Nichia Corp. v. Seoul Semiconductor, Ltd. (PDF) 2008 U.S. Dist. LEXIS 12183 Decided February 7, 2008 Judge Maxine M. Chesney Plaintiff was denied a permanent injunction because it could not show it has suffered irreparable harm or that it will likely suffer irreparable harm. Defendant apparently only made one infringing sale in the US ââ?¬â?? 3 yrs ago and for $165. “[D]efendantsââ?¬â?¢ only remaining customers for the accused product were six companies, each located in Asia… and that earlier in the year they had notified their customers of their intent to cease production of the accused product.” Further, defendants state that the technology in the accused product is ââ?¬Å?pretty much obsolete.ââ?¬Â?

Because the purpose of an injunction is to prevent future violations, a plaintiff is not entitled to such remedy where the plaintiff fails to show there exists some cognizable danger of recurrent violation, something more than a mere possibility.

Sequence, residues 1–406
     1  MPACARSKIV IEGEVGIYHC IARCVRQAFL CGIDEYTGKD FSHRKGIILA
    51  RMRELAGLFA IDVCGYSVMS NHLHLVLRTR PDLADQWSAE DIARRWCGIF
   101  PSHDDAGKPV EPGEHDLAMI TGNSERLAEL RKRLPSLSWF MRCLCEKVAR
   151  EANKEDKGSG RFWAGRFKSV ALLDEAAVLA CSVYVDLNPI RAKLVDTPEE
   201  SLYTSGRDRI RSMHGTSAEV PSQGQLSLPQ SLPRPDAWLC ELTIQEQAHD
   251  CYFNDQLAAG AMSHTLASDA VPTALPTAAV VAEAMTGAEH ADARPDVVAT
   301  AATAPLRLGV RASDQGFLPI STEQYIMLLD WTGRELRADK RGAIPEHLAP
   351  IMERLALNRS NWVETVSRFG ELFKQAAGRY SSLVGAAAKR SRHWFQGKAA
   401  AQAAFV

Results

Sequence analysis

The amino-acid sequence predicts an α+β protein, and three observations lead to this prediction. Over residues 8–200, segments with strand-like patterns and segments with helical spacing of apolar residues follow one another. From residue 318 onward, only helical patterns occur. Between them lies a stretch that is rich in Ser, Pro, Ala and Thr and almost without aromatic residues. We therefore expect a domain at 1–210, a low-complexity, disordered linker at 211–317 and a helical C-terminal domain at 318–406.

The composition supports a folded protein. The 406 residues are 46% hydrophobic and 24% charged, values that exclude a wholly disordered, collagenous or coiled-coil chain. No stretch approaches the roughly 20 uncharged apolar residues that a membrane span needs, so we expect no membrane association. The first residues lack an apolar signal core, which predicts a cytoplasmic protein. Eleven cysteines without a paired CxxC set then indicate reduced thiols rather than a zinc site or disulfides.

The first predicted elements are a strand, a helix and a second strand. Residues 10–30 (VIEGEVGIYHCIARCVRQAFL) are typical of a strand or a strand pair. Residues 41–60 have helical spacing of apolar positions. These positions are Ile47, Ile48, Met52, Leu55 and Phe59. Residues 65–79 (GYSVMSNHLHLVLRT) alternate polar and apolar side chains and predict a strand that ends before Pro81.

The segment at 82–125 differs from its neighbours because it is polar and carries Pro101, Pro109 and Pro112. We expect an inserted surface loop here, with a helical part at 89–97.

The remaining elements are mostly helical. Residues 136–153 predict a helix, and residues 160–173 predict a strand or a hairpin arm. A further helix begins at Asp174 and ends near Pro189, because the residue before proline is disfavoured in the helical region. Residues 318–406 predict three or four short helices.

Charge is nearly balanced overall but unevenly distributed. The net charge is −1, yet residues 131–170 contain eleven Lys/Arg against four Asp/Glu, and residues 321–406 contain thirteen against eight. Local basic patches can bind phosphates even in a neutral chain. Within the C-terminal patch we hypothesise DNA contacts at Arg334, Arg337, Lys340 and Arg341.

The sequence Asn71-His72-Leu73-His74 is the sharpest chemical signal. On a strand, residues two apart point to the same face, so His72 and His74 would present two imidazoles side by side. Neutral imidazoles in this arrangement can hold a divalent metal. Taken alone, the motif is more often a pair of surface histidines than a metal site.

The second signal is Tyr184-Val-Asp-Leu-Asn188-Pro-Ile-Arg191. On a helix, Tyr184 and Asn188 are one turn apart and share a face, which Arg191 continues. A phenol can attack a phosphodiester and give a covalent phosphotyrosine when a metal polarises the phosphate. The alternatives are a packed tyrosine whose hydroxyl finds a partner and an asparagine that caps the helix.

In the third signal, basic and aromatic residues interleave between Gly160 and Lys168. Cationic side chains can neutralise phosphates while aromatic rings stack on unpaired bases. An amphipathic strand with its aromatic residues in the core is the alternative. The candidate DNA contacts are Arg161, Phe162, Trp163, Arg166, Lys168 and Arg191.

It sounds like the injunction was denied because there was no risk that defendant was going to infringe anymore.

In sum, it is undisputed that defendants no longer manufacture the accused product, that defendants currently have no potential customers for such product, that defendants currently have no potential customers for such product in the United States, and that, with the exception of one sale initiated by plaintiff almost three years ago and one extremely small additional sale that same month, defendants have never sold the accused product to a customer in the United States.

The final judgment was willful infringement of plaintiff’s patent. The damages: $250 and no injunction. Why did this lawsuit go all the way to trial?